The Nuts: Ivey returns, but Mercier No. 1
Andrew Feldman [ARCHIVE]
January 31, 2012
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The Nuts is a monthly feature that takes a look at the best poker players in the world. This feature aims to produce a list of the best players at the moment. Our panel of 10 is comprised of ESPN.com's trio of poker contributors (Gary Wise, Bernard Lee and myself), ESPNdeportes.com poker editor Nahuel Ponce, Bluff magazine editor-in-chief Lance Bradley and managing editor Jessica Welman, PokerNews editor-in-chief Elaine Chaivarlis and tournament reporter Don Peters, Pocketfives' Dan Cypra, and Poker Road's Court Harrington.
January has been a unique month on the poker calendar. While the bigger events, namely the PokerStars Caribbean Adventure and Aussie Millions, have dominated the headlines, a multitude of smaller events around the world have been drawing big crowds. Of course, the biggest champions came in the biggest events and that leads us right into the return to the top 10 of the former No. 1 player in the world, Phil Ivey. After essentially disappearing from the tournament poker world since Black Friday, Ivey made his return well known during the 2012 Aussie Millions. He played in three events, and only failed to make the money once (in the 100,000 Challenge). In the main event he finished 12th out of 674 players for 100,000 AU$ and, immediately after his elimination, he bought in to the 16-player 250,000 Challenge. Ivey won the event for 2.1 million AU$ and many of you reacted negatively as a result of his previous association with Full Tilt Poker. With his impressive results, a challenge to the panel appeared: Where does Ivey belong? To nobody's surprise, Ivey was ranked on every ballot, but in a variety of spots. He did manage to earn two No. 1 votes, but the hesitance of others prevailed and Ivey returned to The Nuts ranked No. 4. If he continues to play a full schedule, there's a strong possibility that he returns to the top of this list in the very near future. Oliver Speidel -- no, not Erik Seidel -- won the Aussie Millions main event and perhaps the honor of being the unofficial Aussie Millions player of the series. In addition to his 1.6 million AU$ victory, Speidel also made two other final tables. Other notable Aussie Millions champions included Dan Smith, who won the 100,000 Challenge, David Bach (2,250 AU$ HORSE) and Tom Koral (10,000 AU$ 8-game). At the PokerStars Caribbean Adventure, Jonathan Duhamel put on a show. The 2010 WSOP main event champion made four final tables with four top-five finishes and one victory ($5,000 no-limit hold 'em). Since the 2011 WSOP, Duhamel has made seven final tables with earnings of more than $1.3 million and made his debut on the list at No. 8. Shawn Buchanan dropped one spot to No. 7 despite winning the $10,000 six-max event and cashing in the main event as well. Other PCA champions included John Dibella (main event champion), Viktor Blom ($100,000 Super High Roller), Joe Cada ($2,000 no-limit ), Scott Seiver ($5,250 heads-up), Leonid Bilokur ($25,000 High Roller) and Noah Schwartz ($5,000 pot-limit Omaha). Away from the those two festivals and the legendary Macau cash games that reportedly made Gus Hansen quite a bit of money, other familiar faces captured titles of their own. Freddy Deeb won the first WSOPC main event at the Bicycle Casino, Brock Parker, Chris Reslock, Will Failla and Kevin Saul won preliminary events at the Borgata's Winter Poker Open, and John Dolan, Joe Tehan and Jonathan Little were some of the big winners from the Beau's Million Dollar Heater. Online, PokerStars' TCOOP (Turbo Championship of Online Poker) was the highlight of the month as thousands tried to turn their small buy-ins into some big money in a short amount of time. The 50 events offered up more than $18 million in prize money with "betudontbet" taking home the top prize of $382,855 as he eliminated Chris Oliver to win the main event. EPT Vilamoura champion Toby Lewis won Event 16 for $68,676. Phil Hellmuth and Ben Lamb fell out of the top 10 this month, replaced by Duhamel and Ivey. Who do you think should be in the top 10 next month? Share your thoughts in the comments section below. Here's a look at January's top 10: The Nuts: Poker's best in January 2012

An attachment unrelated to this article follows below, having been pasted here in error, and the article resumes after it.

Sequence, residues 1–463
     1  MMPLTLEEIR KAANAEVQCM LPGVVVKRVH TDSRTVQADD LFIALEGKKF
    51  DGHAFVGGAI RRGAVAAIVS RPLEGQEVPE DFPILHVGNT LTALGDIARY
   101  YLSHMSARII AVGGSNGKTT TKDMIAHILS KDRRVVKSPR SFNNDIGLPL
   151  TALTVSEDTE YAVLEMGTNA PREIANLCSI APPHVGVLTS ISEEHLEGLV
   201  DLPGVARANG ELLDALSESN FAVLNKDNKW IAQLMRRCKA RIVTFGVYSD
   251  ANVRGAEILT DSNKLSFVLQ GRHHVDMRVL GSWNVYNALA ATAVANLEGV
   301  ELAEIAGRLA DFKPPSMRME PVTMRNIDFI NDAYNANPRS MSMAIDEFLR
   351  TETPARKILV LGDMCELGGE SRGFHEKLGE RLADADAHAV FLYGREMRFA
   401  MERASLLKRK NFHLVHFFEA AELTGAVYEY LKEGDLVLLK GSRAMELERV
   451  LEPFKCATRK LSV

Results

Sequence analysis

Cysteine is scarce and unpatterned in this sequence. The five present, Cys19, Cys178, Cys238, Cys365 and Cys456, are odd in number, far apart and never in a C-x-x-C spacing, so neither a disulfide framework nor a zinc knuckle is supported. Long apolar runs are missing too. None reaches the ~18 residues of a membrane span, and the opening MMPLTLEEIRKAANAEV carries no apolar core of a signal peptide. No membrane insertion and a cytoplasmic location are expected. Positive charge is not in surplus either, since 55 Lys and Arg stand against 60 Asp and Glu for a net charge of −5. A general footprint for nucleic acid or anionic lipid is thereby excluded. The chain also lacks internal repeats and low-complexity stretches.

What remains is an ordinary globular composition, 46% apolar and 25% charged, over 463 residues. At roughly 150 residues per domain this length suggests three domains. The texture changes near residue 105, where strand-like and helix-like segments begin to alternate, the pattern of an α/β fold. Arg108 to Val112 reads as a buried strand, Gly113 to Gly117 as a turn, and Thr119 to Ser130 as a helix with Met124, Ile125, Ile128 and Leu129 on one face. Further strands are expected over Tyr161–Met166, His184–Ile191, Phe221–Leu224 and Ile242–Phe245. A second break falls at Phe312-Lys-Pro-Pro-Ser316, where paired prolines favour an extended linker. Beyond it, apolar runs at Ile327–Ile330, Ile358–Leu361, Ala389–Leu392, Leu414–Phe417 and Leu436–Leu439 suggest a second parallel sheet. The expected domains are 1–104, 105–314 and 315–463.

On the bubble The bubble was relatively tight this month for the first time in a while with many players hoping to capture the final spot. Ben Lamb's lack of tournament results has affected him dramatically on this list as he became the month's bubble boy. Lamb was named the CardPlayer Player of the Year and he continues to play in the highest cash games around, but a slight tournament bias from the panel may have budged him from the list this month. Right behind Lamb was Daniel Negreanu. Negreanu started off 2012 with a fifth-place finish at the PCA Super High Roller ($250,900), but he finished fourth (as the bubble boy) in the 250,000 Challenge. Negreanu is always one solid month away from making his way back into the top 10. … Viktor Blom's first live tournament victory earned him a lot of support, but a $350,000 downswing online this month didn't help his cause. … Gus Hansen's efforts at the Aussie Millions and in Macau also earned him some consideration. He earned $823,579 in January on the tournament felt. … Others receiving substantial consideration include Will Failla, Scott Seiver, Isaac Haxton, Patrik Antonius, Faraz Jaka, Vanessa Selbst, Pius Heinz and Sam Stein. Final thoughts Bradley: Phil Ivey making his reappearance at No. 4 seems to make sense to me. Given that he hasn't been on most people's ballots for six months, it just makes sense. He's now headed back to Macau and I wonder what we're going to be able to do from here if he's not active on the tournament scene. Will he stay in the top five? Jonathan Duhamel seems like the player du jour. He had a great month, but will he stay on the list? He has proven he can play with the best and now he'll need to find a way to get results against tough fields or someone else will take his place next month. Feldman: The fact that Ivey is in fourth is the biggest topic, regardless of how pleased or disappointed you may be with Mercier at No. 1 after a difficult first month of the year. Ranking Ivey was not an easy task. Where do you put the player who really was -- and probably is -- the best player in the world after all this time? Sure, he came back and beat a 16-player field, but is that enough to put him at No. 1? I think, like many of the panelists say either publicly or not, that he needs to earn his place once again. Fourth is a good starting point for him and if he does basically anything in the coming months, I'd imagine he'll be in the top two. I think that this month offered a lot more than many of us expected in terms of results. There were so many players who consistently do well that separating the best in the world was a little tougher. In my eyes, I think Grospellier was the only player who I would remove from the list in favor of someone else. I think Buchanan should be...